On Wednesday, a powerful car bomb apparently exploded by a suicide attacker in a search line outside of Baghdad's convention center, an area in the heart of the city frequented by Americans and foreigners. A police official at the scene said only that there were Iraqi civilian and Iraqi National Guard casualties, but would not specify how many. July 14 is a national holiday commemorating the 1958 revolution that overturned the monarchy.

Insurgents killed a Bulgarian hostage in Iraq and vowed to kill a second Bulgarian within 24 hours, al-Jazeera television reported Tuesday.

The Arab satellite station said it had decided not to broadcast a videotape of the killing because it was too gruesome. But it showed footage of one of the Bulgarians kneeling before three masked men and wearing a blindfold and orange jumpsuit, a uniform typical of U.S. jails and associated around the world with images of Muslims detained by the United States at Guantanamo Bay, Cuba.

Bulgaria, which has contributed 470 troops to U.S.-led forces in Iraq, confirmed that one of the two truck drivers had been killed. "One of the Bulgarians has been executed," said Bulgarian government spokesman Dimitar Tsonev.

Bulgaria, which has said it will keep its troops in Iraq as long as they are needed, had urged the militants to release Georgi Lazov, 30, and Ivailo Kepov, 32, who disappeared June 27. There was no word on which man had been killed.

The Monotheism and Jihad Group, which had asserted responsibility for the beheading of an American and a South Korean in Iraq, threatened Thursday to kill the Bulgarians within 24 hours unless U.S.-led forces freed all Iraqi detainees. The U.S. military has branded the group's leader, Jordanian-born Abu Musab Zarqawi, its number one target in Iraq, saying he is behind much of the violence racking the country.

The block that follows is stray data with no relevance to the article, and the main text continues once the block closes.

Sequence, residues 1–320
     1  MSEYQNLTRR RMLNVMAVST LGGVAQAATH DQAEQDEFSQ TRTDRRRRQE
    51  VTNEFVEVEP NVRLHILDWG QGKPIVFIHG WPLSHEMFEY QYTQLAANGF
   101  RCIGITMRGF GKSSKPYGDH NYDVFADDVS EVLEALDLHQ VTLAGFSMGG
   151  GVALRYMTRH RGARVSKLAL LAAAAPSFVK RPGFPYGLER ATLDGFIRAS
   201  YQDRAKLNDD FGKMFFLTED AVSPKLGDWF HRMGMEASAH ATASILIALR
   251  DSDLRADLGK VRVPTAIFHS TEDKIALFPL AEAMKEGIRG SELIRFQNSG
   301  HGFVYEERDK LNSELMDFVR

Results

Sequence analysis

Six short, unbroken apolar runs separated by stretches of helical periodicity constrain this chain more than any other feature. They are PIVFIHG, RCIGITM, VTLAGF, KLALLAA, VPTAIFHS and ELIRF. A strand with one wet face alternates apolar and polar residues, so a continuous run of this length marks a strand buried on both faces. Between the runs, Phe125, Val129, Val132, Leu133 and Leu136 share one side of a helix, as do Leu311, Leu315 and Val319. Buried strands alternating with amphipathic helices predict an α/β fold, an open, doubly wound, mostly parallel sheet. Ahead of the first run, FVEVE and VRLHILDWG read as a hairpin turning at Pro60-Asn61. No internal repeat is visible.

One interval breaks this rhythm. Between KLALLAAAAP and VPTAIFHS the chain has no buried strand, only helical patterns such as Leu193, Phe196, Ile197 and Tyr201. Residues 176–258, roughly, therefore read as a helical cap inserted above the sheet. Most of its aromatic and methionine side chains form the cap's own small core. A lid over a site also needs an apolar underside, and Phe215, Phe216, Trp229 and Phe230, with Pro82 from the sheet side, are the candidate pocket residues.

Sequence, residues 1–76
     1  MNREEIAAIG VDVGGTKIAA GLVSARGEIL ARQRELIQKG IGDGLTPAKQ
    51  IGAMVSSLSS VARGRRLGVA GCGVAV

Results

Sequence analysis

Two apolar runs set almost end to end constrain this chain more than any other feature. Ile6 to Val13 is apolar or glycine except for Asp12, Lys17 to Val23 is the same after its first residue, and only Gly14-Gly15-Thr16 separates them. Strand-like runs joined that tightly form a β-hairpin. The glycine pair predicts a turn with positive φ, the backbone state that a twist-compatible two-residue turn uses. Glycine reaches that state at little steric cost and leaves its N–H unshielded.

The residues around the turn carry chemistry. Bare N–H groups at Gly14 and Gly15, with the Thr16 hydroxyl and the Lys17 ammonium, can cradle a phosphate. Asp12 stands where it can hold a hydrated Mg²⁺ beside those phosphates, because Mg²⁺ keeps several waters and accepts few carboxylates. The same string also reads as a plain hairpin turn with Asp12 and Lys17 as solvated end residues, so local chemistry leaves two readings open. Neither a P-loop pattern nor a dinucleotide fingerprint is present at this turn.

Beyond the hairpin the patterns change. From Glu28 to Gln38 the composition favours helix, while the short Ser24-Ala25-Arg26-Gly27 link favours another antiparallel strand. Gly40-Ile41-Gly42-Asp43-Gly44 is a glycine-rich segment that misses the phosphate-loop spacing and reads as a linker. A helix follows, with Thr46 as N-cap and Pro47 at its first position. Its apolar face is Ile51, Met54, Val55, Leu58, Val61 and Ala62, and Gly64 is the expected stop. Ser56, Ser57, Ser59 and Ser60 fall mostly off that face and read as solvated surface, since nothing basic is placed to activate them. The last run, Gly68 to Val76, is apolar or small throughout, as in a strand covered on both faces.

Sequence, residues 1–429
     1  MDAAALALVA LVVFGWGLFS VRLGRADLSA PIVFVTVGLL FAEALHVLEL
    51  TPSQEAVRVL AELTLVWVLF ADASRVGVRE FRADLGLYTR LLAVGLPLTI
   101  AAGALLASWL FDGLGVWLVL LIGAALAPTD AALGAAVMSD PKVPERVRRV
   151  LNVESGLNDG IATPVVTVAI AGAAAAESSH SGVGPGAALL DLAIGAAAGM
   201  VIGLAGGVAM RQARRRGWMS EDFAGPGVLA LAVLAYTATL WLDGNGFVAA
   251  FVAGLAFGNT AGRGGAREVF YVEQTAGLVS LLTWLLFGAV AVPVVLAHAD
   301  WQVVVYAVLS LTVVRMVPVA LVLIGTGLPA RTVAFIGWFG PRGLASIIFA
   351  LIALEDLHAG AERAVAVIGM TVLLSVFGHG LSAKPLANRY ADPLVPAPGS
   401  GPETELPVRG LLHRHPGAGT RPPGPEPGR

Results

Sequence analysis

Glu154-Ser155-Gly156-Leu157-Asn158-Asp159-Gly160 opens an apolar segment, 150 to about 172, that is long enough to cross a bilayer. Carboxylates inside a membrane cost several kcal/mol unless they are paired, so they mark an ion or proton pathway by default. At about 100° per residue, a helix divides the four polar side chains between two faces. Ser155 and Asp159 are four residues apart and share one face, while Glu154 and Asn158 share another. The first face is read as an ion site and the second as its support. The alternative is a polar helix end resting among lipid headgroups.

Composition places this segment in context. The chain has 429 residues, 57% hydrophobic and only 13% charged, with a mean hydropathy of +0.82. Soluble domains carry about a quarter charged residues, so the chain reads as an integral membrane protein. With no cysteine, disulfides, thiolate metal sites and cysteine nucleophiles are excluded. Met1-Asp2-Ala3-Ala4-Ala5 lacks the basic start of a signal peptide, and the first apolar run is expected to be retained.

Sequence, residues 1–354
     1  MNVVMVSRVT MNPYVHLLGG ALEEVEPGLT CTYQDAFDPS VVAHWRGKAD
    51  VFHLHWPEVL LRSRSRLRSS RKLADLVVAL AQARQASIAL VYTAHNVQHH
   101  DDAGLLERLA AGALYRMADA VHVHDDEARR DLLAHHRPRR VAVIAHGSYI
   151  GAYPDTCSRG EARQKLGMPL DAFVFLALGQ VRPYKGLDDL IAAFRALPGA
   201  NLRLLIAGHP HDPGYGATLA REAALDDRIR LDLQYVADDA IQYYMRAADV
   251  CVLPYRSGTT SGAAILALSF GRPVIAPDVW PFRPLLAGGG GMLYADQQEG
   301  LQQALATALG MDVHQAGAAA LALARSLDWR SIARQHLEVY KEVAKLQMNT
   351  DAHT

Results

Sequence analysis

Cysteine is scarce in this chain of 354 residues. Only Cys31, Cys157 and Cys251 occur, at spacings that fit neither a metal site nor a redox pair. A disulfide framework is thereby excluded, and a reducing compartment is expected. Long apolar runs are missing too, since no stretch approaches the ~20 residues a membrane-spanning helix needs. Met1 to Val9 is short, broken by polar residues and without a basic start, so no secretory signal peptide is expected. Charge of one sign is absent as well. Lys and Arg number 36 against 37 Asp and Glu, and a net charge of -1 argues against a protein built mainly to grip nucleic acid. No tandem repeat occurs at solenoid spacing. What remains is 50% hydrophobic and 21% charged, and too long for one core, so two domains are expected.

In a new hostage crisis, al-Jazeera said militants had set a 72-hour deadline to kill an Egyptian if the Saudi company he worked for did not pull out of Iraq.

On Wednesday, Philippine officials said they were coordinating to withdraw troops from Iraq following demands for a pullout from militants holding a Filipino hostage.

Confusion reigned over whether the Philippines intended to bring its troops home a month ahead of their scheduled Aug. 20 departure to save Angelo de la Cruz, 46, a truck driver threatened with death.

A Philippine Foreign Ministry statement said the number of troops in Iraq had dropped to 43 from 51, but did not say when the cut was made. A military spokesman said that no order to pull out had been received but that two transport planes were being prepared just in case.

The Reuters news agency contributed to this report.

Police in Manila clash with protesters urging the Philippines to withdraw its troops from Iraq to save the life of hostage Angelo de la Cruz. Officials said they were coordinating to withdraw troops, but did not say a pullout had been ordered.